It’s a question lots of people grapple with. What makes a good picture? (Or what makes a picture good?). Like the headline says, I suppose the answer depends. On what? Well, purpose and perspective. What makes a picture of my family doing something goofy might be “good” to me because of the memory I associate with it. To you it’s cropped goofy, composition is wrong and light is abhorrent. It’s pretty subjective.
There are categories of photography where the determination is a little more objective. News photography (the field I focus on) fits that bill. Photographs are made, selected and published with the goal of communicating to a large audience. But what makes a few pictures among those stand out? Still an open question. Lots of research has been done on things like novelty. Barthes wrote about studium and punctum. And photographs that are expected to “speak” to a broad audience still speak more loudly to some people than others. That’s where it becomes subjective again.
I’m privileged to be based at the home of the Pictures of the Year International competition. Every year panels of judges come here and evaluate thousands of photographs, selecting the few that will receive awards. Judging just wrapped up for this year. One of the judges, Alex Garcia, has written his reflections on the experience and his answer to that question: What makes for compelling images?
Give it a read.
The last entry was about a column in the New York Times Lens blog. Longtime editor Donald Winslow had a somewhat troubling perspective on the state of photojournalism as a field and the outlook for its future.
Another photographer followed up with a different perspective. Leslie Davis is a young photographer/videographer for the Times. There are multiple perspectives that can be taken with most topics, and this one is no exception. In the followup entry on the Lens blog, Davis finds reason for optimism in the tools and opportunities that are available for photojournalism. She doesn’t dispute that rates for freelancers often are low and there are fewer staff jobs or editorial assignments. But within that environment Davis sees opportunities. Technology has progressed to the point where most people have a high-resultion image/audio capture device in their pockets. The internet and social media offer more opportunities for distributing work. The “unfiltered” nature of those channels means photographers can present the edit they think best tells the story, in contrast to days when the editors decided the focus of the story and the layout.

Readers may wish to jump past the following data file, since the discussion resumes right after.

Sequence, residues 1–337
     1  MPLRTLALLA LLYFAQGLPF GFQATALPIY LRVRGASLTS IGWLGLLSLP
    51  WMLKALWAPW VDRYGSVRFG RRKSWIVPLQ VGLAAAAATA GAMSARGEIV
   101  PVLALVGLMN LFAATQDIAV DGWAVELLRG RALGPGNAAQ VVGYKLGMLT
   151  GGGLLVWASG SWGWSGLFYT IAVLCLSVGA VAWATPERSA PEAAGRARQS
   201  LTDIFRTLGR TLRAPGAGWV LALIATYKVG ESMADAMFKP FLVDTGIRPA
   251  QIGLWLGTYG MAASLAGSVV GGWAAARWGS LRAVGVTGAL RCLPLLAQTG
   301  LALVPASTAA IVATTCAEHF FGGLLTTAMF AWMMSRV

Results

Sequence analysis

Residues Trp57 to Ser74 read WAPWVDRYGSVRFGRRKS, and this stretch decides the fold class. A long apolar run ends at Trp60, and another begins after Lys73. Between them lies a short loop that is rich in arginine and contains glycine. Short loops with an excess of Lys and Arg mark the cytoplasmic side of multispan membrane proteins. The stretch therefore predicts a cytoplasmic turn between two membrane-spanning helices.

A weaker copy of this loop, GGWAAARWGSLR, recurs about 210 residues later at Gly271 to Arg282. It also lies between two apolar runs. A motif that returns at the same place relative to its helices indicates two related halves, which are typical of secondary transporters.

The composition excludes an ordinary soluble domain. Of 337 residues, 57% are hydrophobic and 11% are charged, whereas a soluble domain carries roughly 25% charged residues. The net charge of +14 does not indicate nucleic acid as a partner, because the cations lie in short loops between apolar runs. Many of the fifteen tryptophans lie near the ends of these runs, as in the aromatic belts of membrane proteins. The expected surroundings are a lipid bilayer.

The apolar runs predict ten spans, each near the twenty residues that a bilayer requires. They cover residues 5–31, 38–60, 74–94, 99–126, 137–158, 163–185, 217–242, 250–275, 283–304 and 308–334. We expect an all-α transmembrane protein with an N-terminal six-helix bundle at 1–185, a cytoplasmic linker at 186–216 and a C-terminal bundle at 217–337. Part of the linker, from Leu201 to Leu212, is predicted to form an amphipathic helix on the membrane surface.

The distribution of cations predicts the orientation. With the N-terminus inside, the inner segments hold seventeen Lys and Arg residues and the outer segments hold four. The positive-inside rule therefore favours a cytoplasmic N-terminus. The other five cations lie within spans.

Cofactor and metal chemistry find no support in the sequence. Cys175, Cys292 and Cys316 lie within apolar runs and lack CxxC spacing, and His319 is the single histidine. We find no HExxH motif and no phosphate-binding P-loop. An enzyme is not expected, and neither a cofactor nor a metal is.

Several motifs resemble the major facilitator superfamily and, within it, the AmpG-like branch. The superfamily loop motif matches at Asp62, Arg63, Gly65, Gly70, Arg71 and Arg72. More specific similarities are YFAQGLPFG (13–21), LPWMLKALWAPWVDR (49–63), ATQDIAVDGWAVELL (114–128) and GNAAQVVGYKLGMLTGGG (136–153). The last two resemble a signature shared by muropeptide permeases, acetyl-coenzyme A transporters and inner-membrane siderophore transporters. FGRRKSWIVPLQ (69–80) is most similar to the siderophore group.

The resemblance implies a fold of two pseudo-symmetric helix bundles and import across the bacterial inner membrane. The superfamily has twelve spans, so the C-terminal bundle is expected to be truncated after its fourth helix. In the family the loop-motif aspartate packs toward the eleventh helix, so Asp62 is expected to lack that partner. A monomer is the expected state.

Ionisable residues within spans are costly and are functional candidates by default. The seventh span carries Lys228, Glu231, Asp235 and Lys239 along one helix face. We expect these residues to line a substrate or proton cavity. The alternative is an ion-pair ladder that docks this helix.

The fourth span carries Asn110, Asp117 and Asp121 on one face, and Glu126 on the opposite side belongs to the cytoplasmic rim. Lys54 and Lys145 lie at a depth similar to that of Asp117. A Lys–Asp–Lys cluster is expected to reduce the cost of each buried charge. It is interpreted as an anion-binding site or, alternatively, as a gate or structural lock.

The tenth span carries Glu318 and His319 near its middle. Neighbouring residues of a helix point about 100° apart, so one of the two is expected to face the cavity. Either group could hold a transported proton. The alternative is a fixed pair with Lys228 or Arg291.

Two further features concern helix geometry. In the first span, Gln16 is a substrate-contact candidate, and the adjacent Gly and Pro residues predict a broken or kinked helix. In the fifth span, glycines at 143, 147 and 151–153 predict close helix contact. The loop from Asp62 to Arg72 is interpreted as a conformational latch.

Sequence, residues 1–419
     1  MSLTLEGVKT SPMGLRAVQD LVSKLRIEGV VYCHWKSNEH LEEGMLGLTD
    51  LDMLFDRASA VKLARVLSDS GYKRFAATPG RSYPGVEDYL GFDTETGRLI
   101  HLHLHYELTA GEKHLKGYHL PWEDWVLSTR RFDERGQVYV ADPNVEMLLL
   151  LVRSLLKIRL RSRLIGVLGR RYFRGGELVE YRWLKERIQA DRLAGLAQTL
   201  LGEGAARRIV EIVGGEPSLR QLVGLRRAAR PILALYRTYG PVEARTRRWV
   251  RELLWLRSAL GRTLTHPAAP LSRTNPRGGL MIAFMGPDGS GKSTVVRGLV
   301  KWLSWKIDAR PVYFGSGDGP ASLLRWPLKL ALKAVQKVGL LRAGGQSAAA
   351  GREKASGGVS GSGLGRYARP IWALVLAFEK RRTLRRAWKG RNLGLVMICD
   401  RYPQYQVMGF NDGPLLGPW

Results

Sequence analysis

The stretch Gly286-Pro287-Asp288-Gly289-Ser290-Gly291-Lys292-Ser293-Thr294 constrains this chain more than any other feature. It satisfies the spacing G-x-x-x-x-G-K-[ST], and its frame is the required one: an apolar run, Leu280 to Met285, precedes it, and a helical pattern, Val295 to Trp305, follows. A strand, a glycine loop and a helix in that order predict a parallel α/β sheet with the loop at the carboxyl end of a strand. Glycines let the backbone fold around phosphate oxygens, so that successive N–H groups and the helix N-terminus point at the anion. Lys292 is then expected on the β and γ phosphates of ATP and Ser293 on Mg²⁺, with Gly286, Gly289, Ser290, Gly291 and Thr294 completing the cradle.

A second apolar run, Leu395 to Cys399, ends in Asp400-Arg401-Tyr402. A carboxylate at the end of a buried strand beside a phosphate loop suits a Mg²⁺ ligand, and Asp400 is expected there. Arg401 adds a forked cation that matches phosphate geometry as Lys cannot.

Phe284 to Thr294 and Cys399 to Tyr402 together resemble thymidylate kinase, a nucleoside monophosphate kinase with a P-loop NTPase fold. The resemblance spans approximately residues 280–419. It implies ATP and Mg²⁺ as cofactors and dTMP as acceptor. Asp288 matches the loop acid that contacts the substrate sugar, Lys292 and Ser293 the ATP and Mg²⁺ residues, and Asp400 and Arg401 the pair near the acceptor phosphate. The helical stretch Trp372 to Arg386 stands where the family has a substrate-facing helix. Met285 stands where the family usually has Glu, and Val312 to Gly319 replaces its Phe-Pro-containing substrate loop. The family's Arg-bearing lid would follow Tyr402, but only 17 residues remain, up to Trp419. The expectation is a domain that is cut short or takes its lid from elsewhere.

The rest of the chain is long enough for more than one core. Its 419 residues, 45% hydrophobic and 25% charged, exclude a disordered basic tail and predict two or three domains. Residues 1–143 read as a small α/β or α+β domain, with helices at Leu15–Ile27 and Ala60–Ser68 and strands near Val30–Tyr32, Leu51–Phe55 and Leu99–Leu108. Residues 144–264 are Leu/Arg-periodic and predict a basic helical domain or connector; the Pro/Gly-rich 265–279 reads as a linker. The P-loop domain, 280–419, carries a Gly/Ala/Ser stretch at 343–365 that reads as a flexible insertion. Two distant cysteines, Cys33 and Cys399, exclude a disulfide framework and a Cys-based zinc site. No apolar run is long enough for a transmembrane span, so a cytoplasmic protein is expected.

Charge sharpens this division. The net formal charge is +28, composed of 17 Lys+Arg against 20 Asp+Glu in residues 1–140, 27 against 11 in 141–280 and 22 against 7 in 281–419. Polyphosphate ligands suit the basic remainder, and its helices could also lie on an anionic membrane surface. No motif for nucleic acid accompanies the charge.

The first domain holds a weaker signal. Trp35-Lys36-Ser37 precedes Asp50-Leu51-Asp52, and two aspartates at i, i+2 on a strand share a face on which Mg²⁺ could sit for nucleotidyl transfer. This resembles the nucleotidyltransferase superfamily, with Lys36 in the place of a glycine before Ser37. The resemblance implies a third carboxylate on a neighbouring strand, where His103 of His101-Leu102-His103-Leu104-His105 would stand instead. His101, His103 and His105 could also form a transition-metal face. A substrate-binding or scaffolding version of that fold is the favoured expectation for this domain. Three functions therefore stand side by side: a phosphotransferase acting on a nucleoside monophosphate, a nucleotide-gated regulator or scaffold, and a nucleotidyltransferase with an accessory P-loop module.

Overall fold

The two perspectives are a good reminder that there are challenges in the field. Like the rest of journalism, photojournalism is evolving. It’s been doing that for a century or more. With evolution come challenges, but also opportunities. How we respond to the challenges and what we make of the opportunities influences how the field will evolve.
Here’s another link to Davis’ perspective on the Lens blog.
Wow. What a difference a year makes. (A year! How did I get that far behind posting?)
I do have a lot on my mind following the 2016 presidential election, transition and early days of the current administration with respect to photography and photojournalists. We’ll start here though with some broader thoughts.
Don Winslow was the editor of the National Press Photographers Association’s publication, News Photographer, for many years. He’s recently moved to a new position. An interview with him was featured in the New York Times Lens blog on Feb. 15, 2017.
I won’t rehash the whole thing.
The future of photojournalism has been a persistent question for decades. As a teacher of photojournalism history, I can show my students examples of speculation about the health of the profession dating back to the 1970s. I’m sure there have been additional worries even earlier. Every time a significant technology change comes along, speculation about its meaning/relevance to photojournalism isn’t far behind.
This era is a little different though. It’s not just the tools that are changing, it’s the channels. It’s the organizations and owners. It’s the audience. And sometimes it’s the photographers. By agreeing to low rates and contracts that diminish rights, photographers haven’t helped maintain an impression of quality in the information field. It’s made it easier for editors/directors to look for the cheapest way out instead of the best way out. It’s only a mild finger wag. It’s tough to hold out for the profession when the wolf is at the door with his paw out.
So here we are. Winslow has some good thoughts on how we got here and what it means for photographers. Maybe we can figure out where to go from here.
It’s important to read.
I’ll be back.